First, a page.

Making Injustice about Me
How long, LORD, must I call for help,
but you do not listen?
Or cry out to you, “Violence!”
but you do not save?
Why do you make me look at injustice?
Why do you tolerate wrongdoing?
—Habakkuk 1:2-3 (NIV)
I got pretty overwhelmed this past year.
I think it happened when children began being separated from their parents, being incarcerated, being neglected and abused, and dying in the hands of my government. When it made the headlines, showing how very bad things had gotten, it killed something that had been sustaining me through ten years of working toward immigration reform.
See, I’m kind of a jerk. I’m kind of self-focused, a little bit of a narcissist. Because the truth is, what really took the wind out of my sails was not that I couldn’t bear to look at the pain of this injustice. It was that I felt like I’d worked so hard. I had felt called, and equipped, and effective — and I liked how it felt to be making an impact. I had thought I was using my gifts purposefully, steering the church toward more hospitality, more compassion, more powerful truth-telling to the people making the laws.
But now we were locking up kids. Their pain broke my heart. And the truth of it broke my sense of calling. What did it mean to be called when it seemed to make no real difference at all?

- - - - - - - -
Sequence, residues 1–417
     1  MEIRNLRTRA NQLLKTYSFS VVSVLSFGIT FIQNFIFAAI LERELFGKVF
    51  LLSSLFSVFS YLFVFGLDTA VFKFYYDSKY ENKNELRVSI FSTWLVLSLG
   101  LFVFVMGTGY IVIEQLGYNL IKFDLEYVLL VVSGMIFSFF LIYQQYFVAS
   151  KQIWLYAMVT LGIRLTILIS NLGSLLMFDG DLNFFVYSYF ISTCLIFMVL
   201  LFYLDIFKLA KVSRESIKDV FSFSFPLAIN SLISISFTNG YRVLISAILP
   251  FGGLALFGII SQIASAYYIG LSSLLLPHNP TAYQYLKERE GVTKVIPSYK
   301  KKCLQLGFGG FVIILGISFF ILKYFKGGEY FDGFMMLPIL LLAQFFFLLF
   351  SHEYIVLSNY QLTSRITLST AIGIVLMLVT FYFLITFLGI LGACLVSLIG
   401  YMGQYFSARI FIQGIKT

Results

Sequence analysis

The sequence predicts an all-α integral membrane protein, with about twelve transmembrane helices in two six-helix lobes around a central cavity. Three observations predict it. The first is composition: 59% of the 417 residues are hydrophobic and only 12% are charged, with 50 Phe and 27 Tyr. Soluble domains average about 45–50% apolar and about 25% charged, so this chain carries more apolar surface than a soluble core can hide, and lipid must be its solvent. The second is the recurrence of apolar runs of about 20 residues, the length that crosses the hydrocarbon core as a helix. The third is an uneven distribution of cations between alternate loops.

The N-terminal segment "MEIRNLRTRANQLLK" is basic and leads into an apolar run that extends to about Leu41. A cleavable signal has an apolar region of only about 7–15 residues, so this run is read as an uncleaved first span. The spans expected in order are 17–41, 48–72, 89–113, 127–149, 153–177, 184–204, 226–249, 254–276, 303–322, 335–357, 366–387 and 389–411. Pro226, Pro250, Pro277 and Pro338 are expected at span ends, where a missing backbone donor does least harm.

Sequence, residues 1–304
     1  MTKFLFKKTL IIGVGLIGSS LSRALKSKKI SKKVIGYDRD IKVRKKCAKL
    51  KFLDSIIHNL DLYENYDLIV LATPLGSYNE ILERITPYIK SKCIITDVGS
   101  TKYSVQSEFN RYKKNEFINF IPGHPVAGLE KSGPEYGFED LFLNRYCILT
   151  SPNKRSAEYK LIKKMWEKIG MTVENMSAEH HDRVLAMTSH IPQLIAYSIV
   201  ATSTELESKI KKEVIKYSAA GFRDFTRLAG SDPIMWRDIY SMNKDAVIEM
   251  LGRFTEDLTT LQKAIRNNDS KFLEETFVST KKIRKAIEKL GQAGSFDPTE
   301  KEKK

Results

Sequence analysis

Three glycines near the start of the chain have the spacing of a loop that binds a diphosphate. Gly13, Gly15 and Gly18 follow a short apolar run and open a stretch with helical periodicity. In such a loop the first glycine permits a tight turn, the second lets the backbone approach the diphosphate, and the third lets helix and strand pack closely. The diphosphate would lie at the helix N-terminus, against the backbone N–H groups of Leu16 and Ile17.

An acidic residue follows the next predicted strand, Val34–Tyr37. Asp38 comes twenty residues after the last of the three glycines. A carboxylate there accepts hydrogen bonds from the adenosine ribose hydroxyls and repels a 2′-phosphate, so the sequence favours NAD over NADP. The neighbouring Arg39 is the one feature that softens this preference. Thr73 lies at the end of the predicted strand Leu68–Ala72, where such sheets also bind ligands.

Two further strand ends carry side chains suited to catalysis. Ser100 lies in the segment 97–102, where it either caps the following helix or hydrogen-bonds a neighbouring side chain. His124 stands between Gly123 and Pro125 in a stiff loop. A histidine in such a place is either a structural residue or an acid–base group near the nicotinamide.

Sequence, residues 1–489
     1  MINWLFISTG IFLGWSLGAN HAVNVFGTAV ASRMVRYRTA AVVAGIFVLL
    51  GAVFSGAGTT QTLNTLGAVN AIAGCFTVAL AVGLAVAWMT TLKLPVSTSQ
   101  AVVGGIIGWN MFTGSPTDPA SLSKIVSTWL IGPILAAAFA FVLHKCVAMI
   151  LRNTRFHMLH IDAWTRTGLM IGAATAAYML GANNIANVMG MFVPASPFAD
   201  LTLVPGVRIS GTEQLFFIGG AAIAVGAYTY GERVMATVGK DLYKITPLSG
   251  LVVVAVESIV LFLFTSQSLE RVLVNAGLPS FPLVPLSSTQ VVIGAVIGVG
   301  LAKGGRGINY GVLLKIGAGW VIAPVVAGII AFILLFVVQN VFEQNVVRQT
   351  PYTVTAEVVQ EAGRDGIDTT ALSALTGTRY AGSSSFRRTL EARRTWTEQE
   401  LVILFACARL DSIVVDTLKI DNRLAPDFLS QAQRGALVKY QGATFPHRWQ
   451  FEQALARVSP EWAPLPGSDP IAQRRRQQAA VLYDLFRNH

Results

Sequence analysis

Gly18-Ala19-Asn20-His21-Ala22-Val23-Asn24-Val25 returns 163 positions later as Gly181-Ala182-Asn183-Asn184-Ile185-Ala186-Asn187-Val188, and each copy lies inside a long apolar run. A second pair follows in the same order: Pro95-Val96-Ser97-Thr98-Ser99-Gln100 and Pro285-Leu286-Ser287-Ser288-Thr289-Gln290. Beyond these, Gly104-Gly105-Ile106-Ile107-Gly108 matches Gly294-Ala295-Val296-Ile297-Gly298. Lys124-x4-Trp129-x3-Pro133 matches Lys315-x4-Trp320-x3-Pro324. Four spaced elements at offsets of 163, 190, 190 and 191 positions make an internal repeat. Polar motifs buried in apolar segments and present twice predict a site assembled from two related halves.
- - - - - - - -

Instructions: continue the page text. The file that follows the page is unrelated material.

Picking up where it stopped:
“Why do you make me look at injustice?” is a cry of my heart, if I’m honest. Why have I been called to care about this stuff, to “feel the pain of injustice in my body,” as my friend Dr. Alexia Salvatierra puts it. I’m tired of the pain. I’m tired of the disappointment. And, I admit, I’m tired of feeling powerless, ineffective, and weak.
When I asked Alexia how she stays engaged in the face of such pain, she told me this: “It’s not us as individuals that do the work. We have this very individualistic culture, and that’s not a Scripture way of seeing the world. It’s really the body of Christ that does the work, and you just have your little voice in the choir. And so when you realize that, you don’t live with the pressure of having to get the work done in the same way. Your pressure is only your ganas, your deep desire. But it’s not the sense that it all is on you, because it’s not all on you. You’re really part of something much larger, that goes around the world and throughout the ages.”
Around the world and throughout the ages, God has been calling a people — not a person — to this work of redemption. It does not depend on effectiveness or impact or power or results, and it cannot be extinguished by evil policies or immoral rulers. It is our ganas, our deep desire that we feel in our bodies, because we long not for our own effectiveness, our own importance, our own power. We long for justice, for good news, for God.
Prayer: God, renew our deep desire for justice. Embolden us to continue to face the reality of a world in pain. Grant us humility to be part of a community, not the center of the story. Help us see signs of hope, good news, and redemption. Amen.
Rev. Kate Kooyman works for the Office of Social Justice, currently in a remote role as she travels the continent with her family and dog. Normally she lives, works, and worships in Grand Rapids, Michigan.